wtCNN: Wavelet-Transform Convolutional Neural Networks for Identifying Regime Shifts in Ecological Timeseries; Grindr Design, Leadership, and Practice: Understanding Responsibility with Care Ethics
Taylor, Ryan, School of Engineering and Applied Science, University of Virginia
Walter, Jonathan, AS-Environmental Sciences, University of Virginia
Laugelli, Benjamin, EN, University of Virginia
What connected my technical and STS research was the idea of responsible software design through consideration of user configuration and data transparency. User configuration is the idea that the user-technology relationship is dynamic and co-constructed. The users decide how to use a technology based on both its design and their own needs. Data transparency means that, when information is drawn from an individual or group, they know how the data is being used, at least. Data transparency can also mean obtaining consent from those providing the data before storing, processing, or sharing the data. These concepts were pivotal considerations in both my technical work and STS research. In the former, I incorporated those concepts into the design of an R package, the ethical implementation of which relies on responsible data gathering. In the latter, I considered the ethical implications of the app Grindr not responsibly considering user configuration and exploiting the data of their users.
In my technical work, I designed an R package (wtCNN) that attempts to identify and forecast ecological regime shifts in aquatic ecosystems. These regime shifts mark large changes in the distribution of features like phytoplankton and nutrients. Harmful algal blooms (HAB), which cost billions every year, is a particular regime shift that we modeled in our research. We worked simulated timeseries data and combined two methods of analysis: wavelet transformations (WTs) and convolutional neural networks (CNNs). When combined, the package was able to identify regime shifts in simulated timeseries with near 100% accuracy. However, our forecasting technique requires improvement because of the low accuracy we obtained during its testing. Our R package can be applied to ecological and scientific fields that need to classify timeseries with many different features.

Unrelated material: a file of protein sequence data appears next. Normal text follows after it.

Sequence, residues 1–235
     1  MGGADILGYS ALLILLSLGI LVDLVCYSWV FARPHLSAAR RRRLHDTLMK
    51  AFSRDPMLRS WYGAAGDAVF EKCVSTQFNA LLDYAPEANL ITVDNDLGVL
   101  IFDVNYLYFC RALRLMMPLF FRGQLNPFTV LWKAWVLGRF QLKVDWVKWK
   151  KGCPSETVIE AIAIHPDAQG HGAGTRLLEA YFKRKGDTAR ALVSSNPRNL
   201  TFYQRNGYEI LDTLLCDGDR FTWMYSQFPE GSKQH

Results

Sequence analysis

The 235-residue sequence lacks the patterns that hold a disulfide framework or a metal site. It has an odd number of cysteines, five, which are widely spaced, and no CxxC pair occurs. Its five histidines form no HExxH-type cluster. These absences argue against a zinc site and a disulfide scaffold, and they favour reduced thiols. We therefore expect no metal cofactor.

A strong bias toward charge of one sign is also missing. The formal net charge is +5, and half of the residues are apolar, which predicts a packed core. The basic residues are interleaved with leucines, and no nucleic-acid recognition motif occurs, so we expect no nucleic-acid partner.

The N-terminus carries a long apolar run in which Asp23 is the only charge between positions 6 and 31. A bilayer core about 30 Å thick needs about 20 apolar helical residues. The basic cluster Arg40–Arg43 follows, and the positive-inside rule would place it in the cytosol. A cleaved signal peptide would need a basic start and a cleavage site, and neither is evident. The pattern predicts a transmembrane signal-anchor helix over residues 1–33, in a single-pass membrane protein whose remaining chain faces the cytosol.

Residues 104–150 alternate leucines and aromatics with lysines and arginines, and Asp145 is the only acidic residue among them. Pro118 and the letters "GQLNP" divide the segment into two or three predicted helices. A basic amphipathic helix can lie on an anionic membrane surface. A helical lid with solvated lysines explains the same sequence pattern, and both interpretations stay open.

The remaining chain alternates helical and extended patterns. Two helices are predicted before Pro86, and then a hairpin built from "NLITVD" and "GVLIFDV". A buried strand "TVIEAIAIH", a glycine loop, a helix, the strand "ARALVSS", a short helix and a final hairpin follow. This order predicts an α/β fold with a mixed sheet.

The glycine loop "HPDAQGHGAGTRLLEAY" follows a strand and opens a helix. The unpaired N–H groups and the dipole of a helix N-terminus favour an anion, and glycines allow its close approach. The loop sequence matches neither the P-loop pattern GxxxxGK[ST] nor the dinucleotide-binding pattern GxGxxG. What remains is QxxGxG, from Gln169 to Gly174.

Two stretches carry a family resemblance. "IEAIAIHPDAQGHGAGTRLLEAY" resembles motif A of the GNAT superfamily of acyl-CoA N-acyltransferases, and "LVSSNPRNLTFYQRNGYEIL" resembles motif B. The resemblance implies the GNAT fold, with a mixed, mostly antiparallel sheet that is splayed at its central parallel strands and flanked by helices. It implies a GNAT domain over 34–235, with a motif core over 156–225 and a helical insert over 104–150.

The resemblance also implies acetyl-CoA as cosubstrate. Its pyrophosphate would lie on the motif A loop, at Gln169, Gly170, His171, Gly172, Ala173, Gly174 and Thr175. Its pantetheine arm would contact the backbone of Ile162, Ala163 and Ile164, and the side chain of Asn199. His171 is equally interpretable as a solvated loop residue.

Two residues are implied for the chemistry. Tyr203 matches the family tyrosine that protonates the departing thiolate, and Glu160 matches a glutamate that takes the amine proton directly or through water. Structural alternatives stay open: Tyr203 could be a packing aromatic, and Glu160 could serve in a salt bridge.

In my STS research, I argue that Grindr failed to implement effective care to its users by not considering the diversity of its user base and being opaque with how they used their data. Grindr is a location-based sociosexual messaging app primarily use by people in the LGBTQ community. Applying the lens of care ethics, I argue that Grindr designed and regulated its app in such a way as to restrict its use to cis gay men and exclude trans men and women. This was despite the fact that trans individuals used the app in similar ways to gay men and benefitted from the community it provided. Additionally, I argue that Grindr exploited user data, potentially exposing marginalized groups to greater threat, like those who are identified as HIV positive on the app. Combined with an analysis of corporate attitudes, I assert that Grindr is and was neither being responsible with its software design nor implementing an effecctive attitude of care.
Seeing how software was designed irresponsibly with respect to its users in the case of Grindr urged me to consider how people might use my R package. Because of the broad user applications, we did not make the package specific to aquatic ecosystems. In this way we considered the potential ways users could configure the technology beyond the scope of our research. There are further considerations around data ethics when our project is applied. Just as Grindr should have obtained informed consent before sharing user data, gathering ecological data requires the consent of the relevant community or landowner. The Forest Inventory and Analysis National Program is one such organization promoting ethical ecological data use. This informed my analysis of Grindr, which could benefit from similar oversight. Conducting both technical and STS research at the same time was mutually beneficial, providing context and perspective on the questions and challenges within each task.
BS (Bachelor of Science)
School of Engineering and Applied Science
Bachelor of Science in Engineering Science
Technical Advisor: Jonathan Walter
STS Advisor: Benjamin Laugelli
Technical Team Members: Ryan Taylor